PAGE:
America has become colorblind.
While this holds profound lessons for all, it is particularly meaningful for European nations where immigrants are often treated as second-class citizens even after decades of invaluable contributions to their respective societies. Perhaps Obama’s victory will convince France, England, Germany, Denmark, Sweden, Holland, Spain and other countries to also become colorblind and inclusive. There really is no other way.
Until now, when the world looked up to America, it was because of its science and technology and medicine. But now the world will also look at America with awe and wonder because of its socially enlightened citizenry. Who could have ever imagined that?
Reversing the “either you are with us or against us” threat that defined George Bush’s belligerent foreign policy is a priority for Barack Obama. He has promised to meet unconditionally with any world leader to discuss and negotiate peace. The international temperature seems to have already cooled by a few degrees, and even though securing agreements with nations alienated by American arrogance may take time, the prospects are promising, given the spontanaeous outpouring of global goodwill for the president-elect.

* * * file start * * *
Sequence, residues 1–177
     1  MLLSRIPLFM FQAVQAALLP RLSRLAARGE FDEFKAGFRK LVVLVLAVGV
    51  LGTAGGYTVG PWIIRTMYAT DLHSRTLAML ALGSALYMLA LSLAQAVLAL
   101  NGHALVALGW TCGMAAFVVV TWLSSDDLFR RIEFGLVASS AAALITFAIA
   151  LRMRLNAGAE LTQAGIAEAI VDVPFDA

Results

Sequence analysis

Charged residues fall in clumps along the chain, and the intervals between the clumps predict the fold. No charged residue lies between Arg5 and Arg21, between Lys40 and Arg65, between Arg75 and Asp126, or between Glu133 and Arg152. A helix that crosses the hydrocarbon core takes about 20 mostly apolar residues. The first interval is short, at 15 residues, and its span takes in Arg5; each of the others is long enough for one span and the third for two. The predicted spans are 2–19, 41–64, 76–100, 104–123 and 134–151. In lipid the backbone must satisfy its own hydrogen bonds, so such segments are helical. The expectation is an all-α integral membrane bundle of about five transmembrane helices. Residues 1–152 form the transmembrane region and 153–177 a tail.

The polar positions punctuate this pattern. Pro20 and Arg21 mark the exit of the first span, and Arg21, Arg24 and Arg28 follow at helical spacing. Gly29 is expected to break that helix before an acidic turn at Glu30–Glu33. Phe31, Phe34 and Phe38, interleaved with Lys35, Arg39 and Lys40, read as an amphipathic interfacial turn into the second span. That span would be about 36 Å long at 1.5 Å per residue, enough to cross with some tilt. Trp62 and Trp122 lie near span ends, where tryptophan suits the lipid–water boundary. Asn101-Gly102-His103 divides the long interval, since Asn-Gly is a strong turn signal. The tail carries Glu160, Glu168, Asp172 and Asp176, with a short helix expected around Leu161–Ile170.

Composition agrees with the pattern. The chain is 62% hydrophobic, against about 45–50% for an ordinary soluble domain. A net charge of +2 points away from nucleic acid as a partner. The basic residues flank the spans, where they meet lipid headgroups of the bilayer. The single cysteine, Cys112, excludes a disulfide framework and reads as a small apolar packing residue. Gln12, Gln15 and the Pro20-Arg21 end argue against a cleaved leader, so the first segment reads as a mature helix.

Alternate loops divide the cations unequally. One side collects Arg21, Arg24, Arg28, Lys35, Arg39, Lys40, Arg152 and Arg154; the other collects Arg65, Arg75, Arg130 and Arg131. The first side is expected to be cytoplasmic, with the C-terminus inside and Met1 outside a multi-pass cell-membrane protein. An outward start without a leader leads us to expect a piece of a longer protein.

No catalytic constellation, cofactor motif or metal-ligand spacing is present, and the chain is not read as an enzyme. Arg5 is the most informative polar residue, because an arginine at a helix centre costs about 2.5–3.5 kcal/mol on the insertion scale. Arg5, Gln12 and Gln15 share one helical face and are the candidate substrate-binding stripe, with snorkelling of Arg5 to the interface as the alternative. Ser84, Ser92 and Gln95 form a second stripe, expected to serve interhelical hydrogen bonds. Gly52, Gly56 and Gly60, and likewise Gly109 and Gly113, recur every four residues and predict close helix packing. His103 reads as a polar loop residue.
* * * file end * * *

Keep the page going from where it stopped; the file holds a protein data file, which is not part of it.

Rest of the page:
The danger posed by global warming is another priority. Throughout his campaign, Obama spoke passionately about the earth’s dwindling resources, its relentless exploitation by all but Western countries in particular, the urgency of clean energy sources, reducing greenhouse gas emissions and carbon footprint, and legislating sane policies based on scientific evidences to protect us and our children from rising seas and diminishing landmass.